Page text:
Thursday, March 7, 2013

The Exact Chaos Spreadsheet Game

John D. Cook points out the following interesting fact:
Pick a number x between 0 and 1. Then repeatedly replace x with 4x(1-x). For almost all starting values of x, the result exhibits chaos. Two people could play this game with starting values very close together, and eventually their sequences will diverge.
Cook's on to something here. This does have the makings of a simple game that ties in to math and computing concepts like functions, iterations, spreadsheets and chaos. Here are the rules:

The first player picks a to number from 1 to 99 with the only condition being that the number can't have a five in it (with a little trial and error you should be able to figure out why).

The second player can either steal the first player's number or come up with one of his or her own. If the number is stolen, the first player has to come up with another number.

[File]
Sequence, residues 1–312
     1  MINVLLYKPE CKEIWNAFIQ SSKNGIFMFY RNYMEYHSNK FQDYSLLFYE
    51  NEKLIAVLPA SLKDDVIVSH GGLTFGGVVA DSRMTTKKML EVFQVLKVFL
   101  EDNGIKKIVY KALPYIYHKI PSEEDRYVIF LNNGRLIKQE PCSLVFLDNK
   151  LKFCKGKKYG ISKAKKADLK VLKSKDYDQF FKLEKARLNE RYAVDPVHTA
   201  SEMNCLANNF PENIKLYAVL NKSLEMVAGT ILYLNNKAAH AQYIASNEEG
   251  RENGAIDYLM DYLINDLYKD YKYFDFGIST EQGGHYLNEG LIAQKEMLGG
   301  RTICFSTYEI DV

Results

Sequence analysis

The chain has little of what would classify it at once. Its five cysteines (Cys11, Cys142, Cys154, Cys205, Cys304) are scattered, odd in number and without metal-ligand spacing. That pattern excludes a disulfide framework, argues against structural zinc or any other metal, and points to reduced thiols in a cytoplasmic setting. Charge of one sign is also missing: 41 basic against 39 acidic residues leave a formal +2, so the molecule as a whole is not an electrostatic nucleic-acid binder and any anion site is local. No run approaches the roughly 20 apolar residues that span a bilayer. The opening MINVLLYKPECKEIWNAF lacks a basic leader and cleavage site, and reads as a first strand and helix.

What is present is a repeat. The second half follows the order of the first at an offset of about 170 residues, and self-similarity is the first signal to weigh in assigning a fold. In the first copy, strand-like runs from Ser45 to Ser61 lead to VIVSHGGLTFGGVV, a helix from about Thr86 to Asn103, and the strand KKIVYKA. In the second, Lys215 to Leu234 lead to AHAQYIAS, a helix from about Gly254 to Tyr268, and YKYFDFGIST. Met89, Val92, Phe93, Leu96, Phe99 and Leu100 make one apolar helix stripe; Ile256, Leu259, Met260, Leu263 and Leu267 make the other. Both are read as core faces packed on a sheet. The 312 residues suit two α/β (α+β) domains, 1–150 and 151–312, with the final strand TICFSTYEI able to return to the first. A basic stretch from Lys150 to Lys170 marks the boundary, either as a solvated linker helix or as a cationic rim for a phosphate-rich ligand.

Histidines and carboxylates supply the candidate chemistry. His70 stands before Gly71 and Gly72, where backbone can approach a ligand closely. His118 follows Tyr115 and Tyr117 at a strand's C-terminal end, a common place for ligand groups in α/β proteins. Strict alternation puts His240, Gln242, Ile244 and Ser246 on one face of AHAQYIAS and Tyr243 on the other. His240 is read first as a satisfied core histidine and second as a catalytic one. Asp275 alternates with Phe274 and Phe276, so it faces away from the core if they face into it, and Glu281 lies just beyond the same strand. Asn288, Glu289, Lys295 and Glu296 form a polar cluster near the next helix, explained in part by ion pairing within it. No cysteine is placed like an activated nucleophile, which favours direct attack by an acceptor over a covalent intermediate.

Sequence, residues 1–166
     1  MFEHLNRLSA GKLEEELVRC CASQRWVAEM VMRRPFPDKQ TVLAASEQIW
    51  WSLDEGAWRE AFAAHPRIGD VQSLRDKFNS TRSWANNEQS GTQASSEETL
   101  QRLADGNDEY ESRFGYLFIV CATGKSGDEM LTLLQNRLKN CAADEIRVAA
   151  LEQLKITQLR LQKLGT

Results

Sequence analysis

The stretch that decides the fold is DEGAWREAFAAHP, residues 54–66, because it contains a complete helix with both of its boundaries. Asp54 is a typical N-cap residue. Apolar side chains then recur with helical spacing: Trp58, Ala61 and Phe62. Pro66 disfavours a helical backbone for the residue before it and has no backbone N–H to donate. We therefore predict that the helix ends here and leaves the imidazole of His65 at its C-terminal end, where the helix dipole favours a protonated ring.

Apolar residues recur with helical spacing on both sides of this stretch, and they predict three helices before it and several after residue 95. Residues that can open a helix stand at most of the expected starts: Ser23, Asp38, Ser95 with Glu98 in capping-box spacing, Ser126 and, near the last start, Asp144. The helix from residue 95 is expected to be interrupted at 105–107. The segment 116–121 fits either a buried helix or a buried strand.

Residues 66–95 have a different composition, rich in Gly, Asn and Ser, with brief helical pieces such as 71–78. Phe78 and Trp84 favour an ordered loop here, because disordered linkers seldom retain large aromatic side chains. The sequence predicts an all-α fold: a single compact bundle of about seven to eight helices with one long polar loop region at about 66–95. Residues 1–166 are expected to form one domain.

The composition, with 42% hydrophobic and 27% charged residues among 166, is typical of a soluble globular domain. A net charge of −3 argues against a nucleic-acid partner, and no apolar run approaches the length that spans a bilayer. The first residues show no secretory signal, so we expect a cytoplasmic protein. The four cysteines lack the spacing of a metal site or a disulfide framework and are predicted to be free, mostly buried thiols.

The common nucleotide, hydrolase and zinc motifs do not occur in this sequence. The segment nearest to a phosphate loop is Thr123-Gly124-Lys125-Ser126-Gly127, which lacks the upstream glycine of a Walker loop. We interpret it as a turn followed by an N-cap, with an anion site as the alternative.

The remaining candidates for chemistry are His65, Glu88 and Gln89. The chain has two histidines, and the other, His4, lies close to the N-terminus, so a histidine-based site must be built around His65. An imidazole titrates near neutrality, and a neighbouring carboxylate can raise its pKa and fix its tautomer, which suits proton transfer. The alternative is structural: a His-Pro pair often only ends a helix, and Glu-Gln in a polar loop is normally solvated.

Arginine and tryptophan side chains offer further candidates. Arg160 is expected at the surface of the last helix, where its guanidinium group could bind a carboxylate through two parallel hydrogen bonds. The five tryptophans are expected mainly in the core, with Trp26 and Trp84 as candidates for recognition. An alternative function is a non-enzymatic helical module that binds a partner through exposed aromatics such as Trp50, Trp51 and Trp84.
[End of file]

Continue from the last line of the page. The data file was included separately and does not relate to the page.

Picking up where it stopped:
Both numbers are divided by one hundred and put into the first row of a spreadsheet. Under the first type


Under the second


Now copy the formulas going down twenty rows. The copy function should produce an iterative function, with =4*A1*(1-A1) followed by =4*A2*(1-A2) and so on.

Have the students make a line graph of the two series. The winner is the one who ends up with the largest number.

No comments:

Post a Comment